Monogatari uses the occult in a variety of different ways: to represent mental illness, to explore past traumas, sometimes even as a simple plot device; I believe that this variety is part of what makes Monogatari such a great series, even including the plot devices, but what speaks to me the most is when Monogatari uses the occult as a vehicle for self-contradiction.
Hanekawa Tsubasa is a near perfect example of this; at the outset, she appears to be a flawlessly good person, one that could be compared with the Kantian ethics of always doing only what is rationally good. However, to accomplish this, Hanekawa has to shed her own emotions and do everything out of an apathetic common sense. Humans aren’t purely rational beings, and acting this way causes her parents to see her as a monster and causes her own shunned emotions to manifest as various cat monsters.
At this point, she is more comparable to Maria Von Herbert, who wrote a letter to Kant pleading for help, that as a result of following his moral law, she had been swallowed by despair and apathy, and who ultimately commited suicide when Kant brushed her off. It is only by accepting her emotions that Hanekawa avoids a similar fate.
Even Kaiki Deishuu, who readily admits to being a con artist who does everything out of personal benefit, contradicts his own philosophy twice in Koimonogatari. First, he decides to help an old flame, rationalizing that it is still to his personal benefit. Second, the entire arc, so SPOILERS AHEAD.
Throughout Koimonogatari, Kaiki gathers more and more information about Sengoku Nadeko’s relationships with others and her hobbies, which he considers utterly useless for the purpose of deceiving her. However, he ultimately fails to deceive her because he fails to understand that Nadeko doesn’t particularly trust anyone.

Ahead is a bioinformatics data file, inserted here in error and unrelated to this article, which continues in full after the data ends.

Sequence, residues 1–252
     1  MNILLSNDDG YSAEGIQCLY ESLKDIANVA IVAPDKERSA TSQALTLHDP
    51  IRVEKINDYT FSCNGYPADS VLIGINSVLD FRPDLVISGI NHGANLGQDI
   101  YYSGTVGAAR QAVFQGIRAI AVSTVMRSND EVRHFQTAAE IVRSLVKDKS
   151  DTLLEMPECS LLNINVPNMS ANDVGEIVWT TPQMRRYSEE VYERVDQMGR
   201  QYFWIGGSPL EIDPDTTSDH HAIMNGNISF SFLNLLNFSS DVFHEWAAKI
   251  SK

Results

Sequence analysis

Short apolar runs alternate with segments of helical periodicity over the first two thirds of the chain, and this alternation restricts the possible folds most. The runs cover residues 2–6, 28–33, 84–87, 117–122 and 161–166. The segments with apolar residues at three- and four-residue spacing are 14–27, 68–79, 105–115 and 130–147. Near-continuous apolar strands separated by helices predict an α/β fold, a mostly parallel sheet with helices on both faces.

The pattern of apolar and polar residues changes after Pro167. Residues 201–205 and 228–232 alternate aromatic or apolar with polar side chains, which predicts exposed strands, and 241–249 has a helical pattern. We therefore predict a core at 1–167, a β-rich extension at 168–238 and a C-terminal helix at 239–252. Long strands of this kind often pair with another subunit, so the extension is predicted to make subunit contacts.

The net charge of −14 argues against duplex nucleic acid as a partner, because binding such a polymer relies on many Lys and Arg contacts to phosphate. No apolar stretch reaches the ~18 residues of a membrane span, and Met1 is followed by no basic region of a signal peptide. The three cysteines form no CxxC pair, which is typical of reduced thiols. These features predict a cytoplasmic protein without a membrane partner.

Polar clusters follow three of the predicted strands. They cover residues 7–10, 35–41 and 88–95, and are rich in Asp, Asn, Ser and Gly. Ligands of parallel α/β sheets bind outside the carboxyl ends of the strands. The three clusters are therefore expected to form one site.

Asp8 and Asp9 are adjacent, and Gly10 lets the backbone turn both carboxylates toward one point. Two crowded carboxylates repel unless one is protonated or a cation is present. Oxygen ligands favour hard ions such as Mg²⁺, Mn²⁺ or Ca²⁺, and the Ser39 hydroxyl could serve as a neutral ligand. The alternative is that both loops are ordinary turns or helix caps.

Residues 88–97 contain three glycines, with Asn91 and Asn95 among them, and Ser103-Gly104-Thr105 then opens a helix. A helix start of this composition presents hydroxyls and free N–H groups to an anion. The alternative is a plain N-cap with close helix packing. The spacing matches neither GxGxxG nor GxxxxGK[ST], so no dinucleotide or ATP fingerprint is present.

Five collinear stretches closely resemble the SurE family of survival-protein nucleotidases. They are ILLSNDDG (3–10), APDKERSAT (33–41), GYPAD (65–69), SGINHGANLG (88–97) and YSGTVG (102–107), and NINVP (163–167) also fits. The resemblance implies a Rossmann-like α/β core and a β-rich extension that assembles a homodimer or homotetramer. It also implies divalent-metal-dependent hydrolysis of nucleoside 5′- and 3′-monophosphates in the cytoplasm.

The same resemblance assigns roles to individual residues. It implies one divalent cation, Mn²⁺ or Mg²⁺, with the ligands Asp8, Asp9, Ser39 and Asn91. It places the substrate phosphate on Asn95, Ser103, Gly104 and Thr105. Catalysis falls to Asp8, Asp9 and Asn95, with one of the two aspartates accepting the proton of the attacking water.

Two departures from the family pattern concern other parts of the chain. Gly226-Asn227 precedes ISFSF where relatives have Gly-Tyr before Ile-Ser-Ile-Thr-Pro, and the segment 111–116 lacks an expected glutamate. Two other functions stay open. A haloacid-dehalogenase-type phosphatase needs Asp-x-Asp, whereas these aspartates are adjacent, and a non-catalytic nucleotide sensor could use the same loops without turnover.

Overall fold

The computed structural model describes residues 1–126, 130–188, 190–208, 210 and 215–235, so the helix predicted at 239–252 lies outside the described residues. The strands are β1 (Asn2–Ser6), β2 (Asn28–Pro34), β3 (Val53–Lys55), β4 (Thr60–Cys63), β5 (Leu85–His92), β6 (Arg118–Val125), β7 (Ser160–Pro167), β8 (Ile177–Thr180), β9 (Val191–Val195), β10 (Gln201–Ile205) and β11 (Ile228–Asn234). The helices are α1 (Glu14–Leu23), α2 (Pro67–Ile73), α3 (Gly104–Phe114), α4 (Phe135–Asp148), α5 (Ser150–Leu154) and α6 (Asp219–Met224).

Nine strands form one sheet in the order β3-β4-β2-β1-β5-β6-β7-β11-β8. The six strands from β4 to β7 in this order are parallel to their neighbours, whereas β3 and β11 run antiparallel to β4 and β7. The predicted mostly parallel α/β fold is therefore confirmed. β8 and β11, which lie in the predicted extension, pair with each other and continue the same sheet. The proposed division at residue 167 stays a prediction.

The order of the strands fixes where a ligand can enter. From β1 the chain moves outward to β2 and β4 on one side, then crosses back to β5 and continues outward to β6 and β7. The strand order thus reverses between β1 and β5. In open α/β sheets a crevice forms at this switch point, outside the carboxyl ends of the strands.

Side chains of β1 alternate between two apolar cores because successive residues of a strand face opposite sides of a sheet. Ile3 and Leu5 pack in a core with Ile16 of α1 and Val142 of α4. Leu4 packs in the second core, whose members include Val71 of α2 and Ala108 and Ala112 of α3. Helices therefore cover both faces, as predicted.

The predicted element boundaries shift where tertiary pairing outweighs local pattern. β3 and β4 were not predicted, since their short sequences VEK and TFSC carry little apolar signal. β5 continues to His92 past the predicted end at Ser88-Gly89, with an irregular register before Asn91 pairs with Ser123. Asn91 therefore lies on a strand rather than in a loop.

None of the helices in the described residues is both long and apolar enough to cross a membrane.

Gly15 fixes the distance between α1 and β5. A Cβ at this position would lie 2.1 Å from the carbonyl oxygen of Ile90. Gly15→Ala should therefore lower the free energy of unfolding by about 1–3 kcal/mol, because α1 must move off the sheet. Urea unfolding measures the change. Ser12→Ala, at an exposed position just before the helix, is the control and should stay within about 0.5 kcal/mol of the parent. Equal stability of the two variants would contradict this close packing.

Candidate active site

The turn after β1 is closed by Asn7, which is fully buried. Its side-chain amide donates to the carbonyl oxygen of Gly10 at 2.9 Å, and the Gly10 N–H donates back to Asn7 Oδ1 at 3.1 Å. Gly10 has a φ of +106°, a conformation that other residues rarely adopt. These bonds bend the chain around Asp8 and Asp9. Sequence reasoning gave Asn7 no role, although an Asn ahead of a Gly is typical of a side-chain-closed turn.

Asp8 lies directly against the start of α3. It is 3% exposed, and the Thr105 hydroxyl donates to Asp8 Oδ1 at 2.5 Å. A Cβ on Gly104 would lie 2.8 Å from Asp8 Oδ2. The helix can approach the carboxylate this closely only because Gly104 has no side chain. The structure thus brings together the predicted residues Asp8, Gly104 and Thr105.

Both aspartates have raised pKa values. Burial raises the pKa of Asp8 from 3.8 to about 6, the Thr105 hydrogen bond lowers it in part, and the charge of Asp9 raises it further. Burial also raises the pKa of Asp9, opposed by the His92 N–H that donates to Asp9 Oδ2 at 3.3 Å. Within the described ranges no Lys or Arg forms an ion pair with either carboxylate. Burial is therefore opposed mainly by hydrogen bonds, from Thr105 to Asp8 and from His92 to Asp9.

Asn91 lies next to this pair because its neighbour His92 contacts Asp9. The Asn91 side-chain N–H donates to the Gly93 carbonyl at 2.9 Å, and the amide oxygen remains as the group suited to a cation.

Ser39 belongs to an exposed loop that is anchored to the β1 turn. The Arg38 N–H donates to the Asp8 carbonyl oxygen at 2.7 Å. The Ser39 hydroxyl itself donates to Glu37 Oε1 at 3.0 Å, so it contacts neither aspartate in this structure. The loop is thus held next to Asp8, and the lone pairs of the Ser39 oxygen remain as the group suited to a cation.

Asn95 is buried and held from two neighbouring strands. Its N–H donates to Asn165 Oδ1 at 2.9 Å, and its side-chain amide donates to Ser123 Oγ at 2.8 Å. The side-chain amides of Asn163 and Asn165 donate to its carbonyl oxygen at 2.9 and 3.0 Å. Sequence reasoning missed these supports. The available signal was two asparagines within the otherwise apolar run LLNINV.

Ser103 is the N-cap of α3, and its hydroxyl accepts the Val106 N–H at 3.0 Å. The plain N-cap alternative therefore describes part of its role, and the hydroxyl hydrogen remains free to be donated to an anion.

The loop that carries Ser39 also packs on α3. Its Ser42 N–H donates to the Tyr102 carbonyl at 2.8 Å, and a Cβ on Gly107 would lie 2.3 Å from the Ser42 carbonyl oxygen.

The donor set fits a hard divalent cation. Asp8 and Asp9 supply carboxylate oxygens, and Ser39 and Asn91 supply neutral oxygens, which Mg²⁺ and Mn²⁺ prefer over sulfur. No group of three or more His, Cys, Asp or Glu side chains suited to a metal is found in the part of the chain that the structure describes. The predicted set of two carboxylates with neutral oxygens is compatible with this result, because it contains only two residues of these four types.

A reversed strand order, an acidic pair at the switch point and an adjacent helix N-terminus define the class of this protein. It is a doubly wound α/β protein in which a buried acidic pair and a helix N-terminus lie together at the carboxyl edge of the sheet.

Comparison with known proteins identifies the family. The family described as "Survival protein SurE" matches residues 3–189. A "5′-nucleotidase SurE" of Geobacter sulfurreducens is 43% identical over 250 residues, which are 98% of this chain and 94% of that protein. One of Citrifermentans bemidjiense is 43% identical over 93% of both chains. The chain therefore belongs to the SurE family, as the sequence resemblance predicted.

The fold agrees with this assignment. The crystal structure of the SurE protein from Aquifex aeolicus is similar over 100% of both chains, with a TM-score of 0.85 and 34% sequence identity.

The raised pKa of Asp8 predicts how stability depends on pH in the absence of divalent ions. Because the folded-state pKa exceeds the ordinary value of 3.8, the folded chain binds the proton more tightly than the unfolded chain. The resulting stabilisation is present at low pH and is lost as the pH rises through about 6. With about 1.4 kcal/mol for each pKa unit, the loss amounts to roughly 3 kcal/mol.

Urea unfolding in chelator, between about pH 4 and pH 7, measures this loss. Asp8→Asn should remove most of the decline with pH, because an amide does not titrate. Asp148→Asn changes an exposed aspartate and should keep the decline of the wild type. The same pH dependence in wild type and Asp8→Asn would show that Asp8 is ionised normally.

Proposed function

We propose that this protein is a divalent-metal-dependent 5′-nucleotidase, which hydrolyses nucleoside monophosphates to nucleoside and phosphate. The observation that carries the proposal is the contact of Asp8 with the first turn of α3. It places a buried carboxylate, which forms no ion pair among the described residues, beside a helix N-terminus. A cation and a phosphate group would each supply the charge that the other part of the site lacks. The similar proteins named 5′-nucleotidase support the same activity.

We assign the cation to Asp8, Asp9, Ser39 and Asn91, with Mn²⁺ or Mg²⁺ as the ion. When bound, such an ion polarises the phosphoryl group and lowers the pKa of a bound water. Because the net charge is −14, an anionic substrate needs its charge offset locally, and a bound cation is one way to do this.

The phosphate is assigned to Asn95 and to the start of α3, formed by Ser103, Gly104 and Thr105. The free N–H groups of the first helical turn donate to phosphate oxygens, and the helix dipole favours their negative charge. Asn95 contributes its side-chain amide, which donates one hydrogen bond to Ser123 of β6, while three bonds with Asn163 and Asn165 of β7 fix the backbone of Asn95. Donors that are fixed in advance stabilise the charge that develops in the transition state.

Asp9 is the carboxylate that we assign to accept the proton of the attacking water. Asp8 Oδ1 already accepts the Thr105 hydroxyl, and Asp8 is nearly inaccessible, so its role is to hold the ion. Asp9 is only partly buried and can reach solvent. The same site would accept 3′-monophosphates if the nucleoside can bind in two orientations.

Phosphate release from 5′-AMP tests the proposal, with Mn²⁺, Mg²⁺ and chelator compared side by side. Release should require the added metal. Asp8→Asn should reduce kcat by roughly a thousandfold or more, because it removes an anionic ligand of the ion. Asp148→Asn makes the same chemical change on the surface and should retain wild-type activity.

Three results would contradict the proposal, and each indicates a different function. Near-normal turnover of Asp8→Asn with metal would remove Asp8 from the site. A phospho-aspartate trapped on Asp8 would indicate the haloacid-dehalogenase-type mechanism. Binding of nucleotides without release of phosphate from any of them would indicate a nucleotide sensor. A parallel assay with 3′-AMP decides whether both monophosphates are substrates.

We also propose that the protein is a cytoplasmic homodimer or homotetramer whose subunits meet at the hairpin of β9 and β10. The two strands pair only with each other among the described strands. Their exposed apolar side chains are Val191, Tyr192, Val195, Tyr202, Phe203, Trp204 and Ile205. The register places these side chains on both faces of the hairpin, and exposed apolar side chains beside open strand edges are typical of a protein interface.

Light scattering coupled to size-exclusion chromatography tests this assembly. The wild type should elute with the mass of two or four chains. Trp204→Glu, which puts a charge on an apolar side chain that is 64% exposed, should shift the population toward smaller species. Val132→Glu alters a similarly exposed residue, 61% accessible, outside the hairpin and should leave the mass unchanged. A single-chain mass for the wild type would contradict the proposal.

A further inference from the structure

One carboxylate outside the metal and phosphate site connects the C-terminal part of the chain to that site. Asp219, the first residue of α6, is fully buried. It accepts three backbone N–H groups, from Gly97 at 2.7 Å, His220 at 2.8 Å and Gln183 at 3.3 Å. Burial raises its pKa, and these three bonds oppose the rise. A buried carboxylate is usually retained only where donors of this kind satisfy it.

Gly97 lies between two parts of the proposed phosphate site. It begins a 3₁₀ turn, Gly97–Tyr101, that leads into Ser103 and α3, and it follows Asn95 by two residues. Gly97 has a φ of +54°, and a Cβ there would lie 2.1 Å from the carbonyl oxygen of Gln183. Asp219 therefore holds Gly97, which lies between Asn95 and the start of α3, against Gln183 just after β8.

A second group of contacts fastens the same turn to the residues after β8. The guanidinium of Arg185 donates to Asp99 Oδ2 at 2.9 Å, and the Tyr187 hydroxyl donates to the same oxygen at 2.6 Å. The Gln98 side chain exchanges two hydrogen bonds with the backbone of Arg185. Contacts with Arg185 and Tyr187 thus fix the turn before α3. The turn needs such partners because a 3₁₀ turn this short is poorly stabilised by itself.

Kaiki is forced into a situation where the only way to save himself is to give Nadeko life advice, helping her realize that clinging to her love for Araragi denies her ability to understand and direct herself. In the end, he encourages her to pursue her own dreams with the money he’s given her over the course of the month, a strong irony given his own self-evaluation as a cynical con artist.
There are other examples throughout the series as well, and I would actually say that the idea of the Shadow, a la Carl Jung, is quite prevalent in Monogatari. The reason I pointed out these two in particular is because whereas many of the other characters more or less struggle to live as an ideal Persona with violently destructive Shadows like Hanekawa, Kaiki by contrast, puts on an extremely cynical and self-interested Persona with an ultimately sentimental Shadow. (Meanwhile, Tsukihi has no Shadow or Persona, which is fine too, I suppose.)
Fundamentally, the occult is a play on the visible and invisible, and the way Monogatari introduces the occult is through wordplay, where Japanese characters can be read at face value but also carry deeper attachments to their past. Not every instance of this results in self-contradiction, but if that’s not a metaphor, then it’s a double entente.